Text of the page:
After the British Invasion took America by storm in 1964, U.S. radio listeners long remained fascinated with U.K. musicians, who often were simply updating the Delta and Chicago blues traditions with a better sense of style. The U.K. bands represented below range from the traditional hard rock and metal of The Who and Led Zeppelin to the more progressive rock styles of The Moody Blues and Pink Floyd. These article is comprised of excerpts from the Steve Crawford book 1,000 Essential Songs from the 1970s, available here.
- All the Young Dudes, Mott the Hoople: After four album releases yielded zero hit singles, Mott the Hoople was ready to throw in the towel. David Bowie wrote this glam rock anthem for the band, breathing new life into their career. “All the Young Dudes” dismisses the Stones and Beatles as yesterday’s news, name checks T. Rex, and became a theme song for a new generation of disaffected youth. Also, future Bad Company guitarist Mick Ralphs provided one of the decade’s most memorable guitar intros.
- Baba O’Riley, The Who: The Who never played small ball, their gift to the world was grandiose rock anthems – think of them as Queen without irony. On the lead track to the band’s last great album, the use of synthesizers as a rhythmic piece and the Celtic jig coda are interesting touches, but it’s the power chords and dynamics that have made “Baba O’Riley” a classic rock standard. As a lyricist, Townshend was often better delivering slogans and catch phrases (“I don’t need to fight/To prove I’m right”) than developing fully realized commentaries. He could have been a fantastic advertising man.
- Bungle in the Jungle, Jethro Tull: Jethro Tull was primarily a theatrical concert/album rock phenomenon; they had limited success with singles. “Living in the Past,” originally released in 1969, went to #11 in 1973 after its inclusion in a compilation album. The safari themed “Bungle in the Jungle,” comparing relationships to animal traits, went to #12 in 1974 for their last U.S. pop hit. Perhaps the most surprising aspect of “Bungle in the Jungle” is how well the band kept their infamous artistic excesses in check.
- The Faith Healer, The Sensational Alex Harvey Band: Alex Harvey was almost a two decade veteran on the U.K. music scene, involved in skiffle, rock, soul, and musical theater, before finding stardom with The Sensational Alex Harvey Band. Labeled as a glam act due to the era, “The Faith Healer” was a dramatic psychedelic rocker with theatrical elements not unlike Alice Cooper. Years later, guitarist Zal Cleminson would reflect on Harvey’s memorable live performances of the song, “He would adopt a biblical stance, holding his arms out ahead of him, wanting to put his hands on the audience. It was almost like somebody summoning their flock, offering to heal them, Jesus-like. And I think Alex actually believed there were kids who needed some kind of guidance. That’s what a lot of his subsequent songs were about.“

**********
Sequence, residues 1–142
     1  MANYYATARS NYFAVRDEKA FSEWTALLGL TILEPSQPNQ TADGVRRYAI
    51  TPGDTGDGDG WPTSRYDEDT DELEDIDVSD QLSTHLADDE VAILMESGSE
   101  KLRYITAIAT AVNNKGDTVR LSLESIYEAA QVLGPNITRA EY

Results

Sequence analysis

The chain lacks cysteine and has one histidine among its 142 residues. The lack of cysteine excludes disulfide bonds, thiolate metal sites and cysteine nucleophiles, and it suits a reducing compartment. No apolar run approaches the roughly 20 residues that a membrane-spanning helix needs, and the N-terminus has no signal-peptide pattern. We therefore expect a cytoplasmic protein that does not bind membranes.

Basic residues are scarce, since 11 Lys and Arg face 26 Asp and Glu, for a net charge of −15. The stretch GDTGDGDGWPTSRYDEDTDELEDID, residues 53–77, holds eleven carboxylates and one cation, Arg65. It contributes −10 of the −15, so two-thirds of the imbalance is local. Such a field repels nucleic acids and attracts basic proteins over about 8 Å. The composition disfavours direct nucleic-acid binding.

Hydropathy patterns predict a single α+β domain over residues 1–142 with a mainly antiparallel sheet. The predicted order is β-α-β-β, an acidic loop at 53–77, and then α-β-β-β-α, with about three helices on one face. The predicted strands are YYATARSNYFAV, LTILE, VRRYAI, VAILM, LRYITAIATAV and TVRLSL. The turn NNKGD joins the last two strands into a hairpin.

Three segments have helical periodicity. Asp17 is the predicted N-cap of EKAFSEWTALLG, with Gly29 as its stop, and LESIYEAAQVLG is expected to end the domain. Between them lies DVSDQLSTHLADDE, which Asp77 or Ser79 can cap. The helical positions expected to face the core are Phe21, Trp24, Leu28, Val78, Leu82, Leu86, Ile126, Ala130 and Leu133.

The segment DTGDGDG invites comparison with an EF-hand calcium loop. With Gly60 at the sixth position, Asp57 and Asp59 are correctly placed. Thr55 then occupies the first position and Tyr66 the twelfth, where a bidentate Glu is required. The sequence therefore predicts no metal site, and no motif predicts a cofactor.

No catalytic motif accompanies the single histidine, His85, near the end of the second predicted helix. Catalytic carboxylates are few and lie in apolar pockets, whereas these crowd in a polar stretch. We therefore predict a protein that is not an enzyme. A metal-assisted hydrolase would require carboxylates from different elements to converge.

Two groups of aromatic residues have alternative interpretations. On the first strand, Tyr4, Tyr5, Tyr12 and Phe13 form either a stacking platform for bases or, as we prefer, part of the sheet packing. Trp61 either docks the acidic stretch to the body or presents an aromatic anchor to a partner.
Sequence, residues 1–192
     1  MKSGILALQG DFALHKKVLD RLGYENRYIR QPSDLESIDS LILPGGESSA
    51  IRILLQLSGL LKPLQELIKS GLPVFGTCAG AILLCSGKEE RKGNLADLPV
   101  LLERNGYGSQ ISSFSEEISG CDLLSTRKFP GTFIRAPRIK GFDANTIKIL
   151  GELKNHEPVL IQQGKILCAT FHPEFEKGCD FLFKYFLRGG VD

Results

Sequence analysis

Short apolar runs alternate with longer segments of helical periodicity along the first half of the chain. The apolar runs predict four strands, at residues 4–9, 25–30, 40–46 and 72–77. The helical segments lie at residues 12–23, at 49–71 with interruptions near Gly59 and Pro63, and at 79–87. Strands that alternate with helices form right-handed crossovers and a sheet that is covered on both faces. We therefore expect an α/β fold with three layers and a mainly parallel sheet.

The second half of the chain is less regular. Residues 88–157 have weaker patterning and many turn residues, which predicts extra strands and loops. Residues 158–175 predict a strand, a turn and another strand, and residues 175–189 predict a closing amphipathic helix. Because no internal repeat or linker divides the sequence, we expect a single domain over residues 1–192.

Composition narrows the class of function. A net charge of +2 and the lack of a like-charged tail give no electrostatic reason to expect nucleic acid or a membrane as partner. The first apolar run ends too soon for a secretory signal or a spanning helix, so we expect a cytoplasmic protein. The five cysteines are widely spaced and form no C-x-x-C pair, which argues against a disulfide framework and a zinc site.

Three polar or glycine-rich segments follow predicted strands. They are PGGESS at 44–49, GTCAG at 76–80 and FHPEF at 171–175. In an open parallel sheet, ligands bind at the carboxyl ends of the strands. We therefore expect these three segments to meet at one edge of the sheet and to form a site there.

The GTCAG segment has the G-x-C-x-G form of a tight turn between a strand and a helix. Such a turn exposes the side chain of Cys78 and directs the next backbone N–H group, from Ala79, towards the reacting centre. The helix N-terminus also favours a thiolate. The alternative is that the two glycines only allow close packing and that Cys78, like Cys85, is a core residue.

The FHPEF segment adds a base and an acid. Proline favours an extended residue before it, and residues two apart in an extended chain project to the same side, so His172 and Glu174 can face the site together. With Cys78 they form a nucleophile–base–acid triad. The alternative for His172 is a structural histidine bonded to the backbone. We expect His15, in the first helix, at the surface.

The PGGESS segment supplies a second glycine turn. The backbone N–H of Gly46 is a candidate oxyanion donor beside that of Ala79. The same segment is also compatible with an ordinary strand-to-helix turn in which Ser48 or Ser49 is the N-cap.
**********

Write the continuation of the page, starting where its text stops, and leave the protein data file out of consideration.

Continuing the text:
- Far Far Away, Slade: While Slade was one of the biggest bands in the U.K. in the early 1970s, they were virtually unknown in the states. Still their last Top 5 U.K. hit during that decade was inspired by a U.S. tour with lead singer Noddy Holder looking at the Mississippi River and reflecting upon what he was missing at home. The mid tempo “Far Far Away,” anchored by the type of descending bassline that The Kinks often employed in the late 60s, sounds nothing like the band’s typical ravers. This is a moving account of someone living his dream, but knowing that it comes with a price.
- The Green Manalishi (With the Two Prong Crown), Fleetwood Mac: Written at the time when Peter Green was leaving Fleetwood Mac, this #10 U.K. hit makes two irrefutable points: (1) Peter Green was one of the best guitarists on the English music scene with a savvy knowledge of dynamics and (2) LSD was one hell of a drug. B.B. King, “He has the sweetest tone I ever heard; he was the only one (of the English guitarists) who gave me the cold sweats.” Green has stated that “manalishi” was a reference to “money.” Thinking he had too much, the founding member of Fleetwood Mac gave most of his wealth to charity. Diagnosed with schizophrenia, Green spent several years in mental hospitals, but resumed live performances in the mid-1990s.
- Highway Star, Deep Purple: Speed metal didn’t evolve into a major commercial genre until the 1980s, when bands like Metallica, Megadeth, and Anthrax popularized the form. Certainly Motörhead was a primary influence for the 1980’s speed/thrash movement, but the eight cylinders interstate throttle of “Highway Star” may have been the first true speed metal song. Exhilarating and influential, for my money Deep Purple’s best moment.
- I’ve Seen All Good People, Yes: The Yes Album was the band’s third LP, but the first to include guitarist Steve Howe, whose multi-faceted playing gave the group a diverse arsenal of sounds. “I’ve Seen All Good People” is a suite of two songs, “Your Move” and “All Good People,” that segue together on the album. The band teetered on the edge of progressive rock preciousness, but Howe’s guitar playing (less histrionic than Page, more sonically varied that Clapton) offset Anderson’s soulless alto tenor voice.